The setting and character of your novels are very British yet the book has become a New York Times bestseller. Has it surprised you how much American audiences have embraced Revenge?
The response in the US has been fantastic and generous and I confess to being just a little surprised, but hugely delighted. Then again, the breakdown of a marriage is something that happens in many western cultures -- thus, in that sense, it is a universal predicament. I also feel that the slightly older woman had been ignored lately in fiction. Her voice should be heard, too!

Are you working on anything now?
The Good Wife (UK title), which takes a look at marriage. What is it? How does it work? Why does it last? Fanny has been married for twenty years to a politician, a position that requires her to look good but remain silent in public. But she is no fool and, after her daughter leaves home, she begins to question her choices . . . and her future.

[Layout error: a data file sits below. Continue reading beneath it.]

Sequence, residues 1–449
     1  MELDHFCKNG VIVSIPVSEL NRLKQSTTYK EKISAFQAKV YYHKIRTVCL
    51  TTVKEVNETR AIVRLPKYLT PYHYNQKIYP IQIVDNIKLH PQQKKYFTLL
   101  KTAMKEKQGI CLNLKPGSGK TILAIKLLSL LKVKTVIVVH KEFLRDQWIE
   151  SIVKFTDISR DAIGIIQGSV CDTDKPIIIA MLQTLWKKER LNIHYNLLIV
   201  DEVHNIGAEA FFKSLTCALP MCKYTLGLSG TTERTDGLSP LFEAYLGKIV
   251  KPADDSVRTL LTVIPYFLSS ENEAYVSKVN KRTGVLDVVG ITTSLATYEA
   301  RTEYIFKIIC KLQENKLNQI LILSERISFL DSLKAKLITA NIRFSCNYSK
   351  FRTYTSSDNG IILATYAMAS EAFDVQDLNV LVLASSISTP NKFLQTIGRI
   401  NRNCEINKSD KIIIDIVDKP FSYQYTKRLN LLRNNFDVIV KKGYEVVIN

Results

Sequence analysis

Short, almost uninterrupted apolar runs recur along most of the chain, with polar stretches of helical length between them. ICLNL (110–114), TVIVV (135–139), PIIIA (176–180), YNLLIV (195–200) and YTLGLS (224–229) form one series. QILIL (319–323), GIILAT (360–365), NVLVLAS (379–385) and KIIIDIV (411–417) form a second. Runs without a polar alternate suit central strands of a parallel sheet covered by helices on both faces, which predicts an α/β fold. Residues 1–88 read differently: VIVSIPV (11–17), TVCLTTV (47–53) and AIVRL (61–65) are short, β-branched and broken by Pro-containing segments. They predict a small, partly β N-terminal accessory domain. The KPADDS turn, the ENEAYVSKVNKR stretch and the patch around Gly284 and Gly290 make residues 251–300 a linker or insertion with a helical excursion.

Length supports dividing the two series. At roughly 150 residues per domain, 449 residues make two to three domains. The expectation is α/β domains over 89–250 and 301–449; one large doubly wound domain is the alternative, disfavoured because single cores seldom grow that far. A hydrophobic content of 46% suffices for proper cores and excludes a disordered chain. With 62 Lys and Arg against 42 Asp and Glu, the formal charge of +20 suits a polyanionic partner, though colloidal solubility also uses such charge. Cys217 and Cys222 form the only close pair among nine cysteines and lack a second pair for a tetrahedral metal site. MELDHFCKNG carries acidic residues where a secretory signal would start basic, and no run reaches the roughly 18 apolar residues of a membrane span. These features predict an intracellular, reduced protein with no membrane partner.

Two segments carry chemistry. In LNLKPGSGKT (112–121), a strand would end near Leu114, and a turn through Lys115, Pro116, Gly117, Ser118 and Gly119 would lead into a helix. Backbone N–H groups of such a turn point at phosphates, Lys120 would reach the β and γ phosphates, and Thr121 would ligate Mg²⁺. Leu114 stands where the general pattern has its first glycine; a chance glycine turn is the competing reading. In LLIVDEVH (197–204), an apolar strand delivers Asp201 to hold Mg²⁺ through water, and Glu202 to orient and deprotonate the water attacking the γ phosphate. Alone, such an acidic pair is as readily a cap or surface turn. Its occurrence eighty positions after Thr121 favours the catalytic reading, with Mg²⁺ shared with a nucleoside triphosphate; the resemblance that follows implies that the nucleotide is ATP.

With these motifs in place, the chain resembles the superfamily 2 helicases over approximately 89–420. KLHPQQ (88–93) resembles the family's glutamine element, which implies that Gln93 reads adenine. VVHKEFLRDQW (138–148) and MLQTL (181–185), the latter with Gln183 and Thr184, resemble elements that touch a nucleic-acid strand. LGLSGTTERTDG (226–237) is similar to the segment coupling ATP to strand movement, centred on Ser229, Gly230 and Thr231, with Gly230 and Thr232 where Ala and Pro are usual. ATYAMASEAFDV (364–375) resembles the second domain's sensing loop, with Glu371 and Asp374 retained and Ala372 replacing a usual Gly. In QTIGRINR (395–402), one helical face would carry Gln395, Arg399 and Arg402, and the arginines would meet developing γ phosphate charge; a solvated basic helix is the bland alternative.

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Customer Reviews

Average Rating 3.5
( 22 )
Rating Distribution

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(10)

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See All Sort by: Showing 1 – 20 of 22 Customer Reviews
  • Anonymous

    Posted May 10, 2013

    A good read

    A patient recommended this book to me at work (healthcare) and I had to read it, seeing how I'm in the middle of a bad divorce myself. This book hit home and I found myself unable to put this book down. Hooray for the main character in this book. I was glad to see her "prevail" in the end! :)

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  • Posted August 14, 2010

    I Also Recommend:

    THE ULTIMATE REVENGE